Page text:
Meanwhile, Albert continues inventing things (such as rock and roll and the electric violin), he also begins a romance with Marie, he takes her to the beach and demonstrates surfing for her. As they are leaving, Marie comments that she wished this moment could last forever. Suddenly, Albert has a realization and comes up with the theory of relativity on the spot. Marie is amazed that he came up with that so quickly. As they return to the hotel, the clerk tells him that Preston is creating a keg using his formula.

Albert runs to the Bavarian Brothers to tell them that they cannot create this keg, they claim that Einstein is insane and have him committed. On his way to the mental institution, he meets a group of deranged scientists, including Ernest Rutherford. Once committed, his electric violin is destroyed by the nurse and he is kept isolated from the outside world in an electric cell. Marie confronts Preston about his theft of Einstein's research and his commitment to an institution. Preston counters that Einstein would have done nothing with it and he was trying to help everyone.

Marie infiltrates the institution under the guise of Einstein's father, she confronts Albert in the shower room and tells him of Preston's plot. When Albert says there is not much he can do about it now, Marie storms out saying she needs a man of action. Albert rebuilds his violin into an instrument more resembling an electric guitar, he plugs it into the electrified door and plays the instrument, shorting the door out and escaping.

He returns to the hotel to find a note from Marie, saying she has left Australia and returned to France. Albert finds a small steamboat and sails to France to confront Marie. She initially rejects him, but acquiesces when he tells her he's prepared to stop Preston. They use the Curie family hot air balloon and head to the Nobel ceremony in Paris that night. Many inventors and scientific luminaries are there, such as the Wright Brothers and Sigmund Freud.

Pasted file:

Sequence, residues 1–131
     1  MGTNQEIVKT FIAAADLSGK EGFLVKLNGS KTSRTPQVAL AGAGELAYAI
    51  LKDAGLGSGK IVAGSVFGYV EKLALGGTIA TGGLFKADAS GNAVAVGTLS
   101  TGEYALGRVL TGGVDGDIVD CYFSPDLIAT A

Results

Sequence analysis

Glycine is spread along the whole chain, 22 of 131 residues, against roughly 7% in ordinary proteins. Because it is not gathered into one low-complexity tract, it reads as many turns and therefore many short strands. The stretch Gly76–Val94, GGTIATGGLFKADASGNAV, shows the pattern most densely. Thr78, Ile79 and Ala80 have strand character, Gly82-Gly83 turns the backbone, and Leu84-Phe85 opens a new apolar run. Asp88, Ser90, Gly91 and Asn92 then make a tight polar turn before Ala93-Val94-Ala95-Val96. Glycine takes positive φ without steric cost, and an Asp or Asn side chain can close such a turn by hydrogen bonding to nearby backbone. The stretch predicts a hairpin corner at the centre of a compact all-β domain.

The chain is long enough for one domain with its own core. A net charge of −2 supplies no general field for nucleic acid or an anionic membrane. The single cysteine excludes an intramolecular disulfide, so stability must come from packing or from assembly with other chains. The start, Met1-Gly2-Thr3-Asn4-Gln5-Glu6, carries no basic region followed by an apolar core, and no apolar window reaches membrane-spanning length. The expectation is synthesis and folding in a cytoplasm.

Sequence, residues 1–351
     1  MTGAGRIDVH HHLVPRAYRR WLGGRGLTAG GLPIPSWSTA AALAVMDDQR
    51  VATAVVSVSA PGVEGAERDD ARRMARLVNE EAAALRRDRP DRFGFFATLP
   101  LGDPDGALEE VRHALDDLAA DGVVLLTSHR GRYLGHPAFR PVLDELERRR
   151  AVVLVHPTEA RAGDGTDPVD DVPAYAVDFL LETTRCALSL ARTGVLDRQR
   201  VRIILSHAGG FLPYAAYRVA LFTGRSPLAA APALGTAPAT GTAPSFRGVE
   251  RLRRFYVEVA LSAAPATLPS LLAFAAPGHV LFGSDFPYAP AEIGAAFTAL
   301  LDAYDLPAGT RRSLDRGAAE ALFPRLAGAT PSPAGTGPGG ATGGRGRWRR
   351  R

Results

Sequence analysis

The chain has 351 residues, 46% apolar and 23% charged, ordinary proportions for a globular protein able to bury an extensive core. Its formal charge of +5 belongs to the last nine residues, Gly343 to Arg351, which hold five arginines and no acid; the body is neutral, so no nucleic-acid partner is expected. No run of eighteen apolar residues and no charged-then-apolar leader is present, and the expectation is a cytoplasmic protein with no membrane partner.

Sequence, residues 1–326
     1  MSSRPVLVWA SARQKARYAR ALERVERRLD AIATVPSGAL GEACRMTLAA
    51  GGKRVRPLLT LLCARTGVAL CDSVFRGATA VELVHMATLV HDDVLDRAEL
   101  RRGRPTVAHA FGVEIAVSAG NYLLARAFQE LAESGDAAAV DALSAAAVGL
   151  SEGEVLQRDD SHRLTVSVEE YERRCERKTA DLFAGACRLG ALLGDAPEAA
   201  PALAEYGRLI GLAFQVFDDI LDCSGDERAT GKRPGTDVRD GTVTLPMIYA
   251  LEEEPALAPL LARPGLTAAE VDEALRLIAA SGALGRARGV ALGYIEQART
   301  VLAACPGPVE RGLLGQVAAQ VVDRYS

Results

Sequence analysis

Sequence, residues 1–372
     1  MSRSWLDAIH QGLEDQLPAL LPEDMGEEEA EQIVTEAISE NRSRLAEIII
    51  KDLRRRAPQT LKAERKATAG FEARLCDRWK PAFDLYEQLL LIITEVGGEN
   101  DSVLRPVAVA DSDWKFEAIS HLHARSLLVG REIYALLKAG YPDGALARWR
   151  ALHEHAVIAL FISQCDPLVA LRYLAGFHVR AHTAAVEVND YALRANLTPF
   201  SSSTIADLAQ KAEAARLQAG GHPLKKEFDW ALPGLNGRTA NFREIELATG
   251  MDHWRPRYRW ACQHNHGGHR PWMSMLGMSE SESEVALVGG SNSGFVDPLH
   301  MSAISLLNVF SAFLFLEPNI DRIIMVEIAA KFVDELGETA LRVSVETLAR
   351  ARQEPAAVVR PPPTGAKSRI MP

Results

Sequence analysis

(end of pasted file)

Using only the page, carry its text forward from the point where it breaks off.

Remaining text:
Charles Darwin announces Preston Preston is the winner of this year's Nobel Prize for his discovery of putting bubbles in beer. Preston begins his speech, but is interrupted by Albert, who questions if Preston even knows what happens when an atom is split. When Darwin realizes that Preston has (unknowingly) built an atomic bomb, he orders Preston to stop. Preston scoffs the warning and starts the keg, which starts shaking and building up pressure.

Einstein attaches his guitar to the keg as a way to drain the atomic keg, Marie tells him not to as this would kill him. Albert sends her away and starts playing a riff on the guitar, this seems to work as the keg begins to lose power. Preston attempts to kill Einstein, but is knocked unconscious by Marie. Albert is starting to feel the effects of siphoning off the energy from the keg as he starts to radiate pure energy. This causes a massive feedback, then an explosion.

As the smoke clears, Albert is standing there, blackened (like before in the shed), but otherwise unharmed. He and Marie kiss as the assembled crowd cheers for him. He returns to Tasmania with the keg and the Nobel Prize (in his name). He tells his family that he will give his formula to the world instead of keeping it for personal gain. Marie questions what will happen if governments use that formula to create atomic weapons. Albert naively replies “If you can’t trust the governments of the world, then who can you trust?” Albert steps in front of the mic and says that he has learned a new theory out of this, he then pulls up his guitar and starts playing a rock song to the delight of the assembled crowd.